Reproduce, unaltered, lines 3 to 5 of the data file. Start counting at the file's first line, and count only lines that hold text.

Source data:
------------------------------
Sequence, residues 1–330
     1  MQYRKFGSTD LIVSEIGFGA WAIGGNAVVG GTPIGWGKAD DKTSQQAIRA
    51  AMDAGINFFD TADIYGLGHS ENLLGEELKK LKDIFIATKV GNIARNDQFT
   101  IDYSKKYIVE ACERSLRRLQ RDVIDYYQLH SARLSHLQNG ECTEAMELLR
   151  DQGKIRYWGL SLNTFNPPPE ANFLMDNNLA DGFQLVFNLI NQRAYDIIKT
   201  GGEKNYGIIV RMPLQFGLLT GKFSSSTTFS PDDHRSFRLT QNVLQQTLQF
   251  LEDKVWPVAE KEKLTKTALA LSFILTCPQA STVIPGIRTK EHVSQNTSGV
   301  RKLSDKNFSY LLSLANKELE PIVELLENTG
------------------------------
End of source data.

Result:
    51  AMDAGINFFD TADIYGLGHS ENLLGEELKK LKDIFIATKV GNIARNDQFT
   101  IDYSKKYIVE ACERSLRRLQ RDVIDYYQLH SARLSHLQNG ECTEAMELLR
   151  DQGKIRYWGL SLNTFNPPPE ANFLMDNNLA DGFQLVFNLI NQRAYDIIKT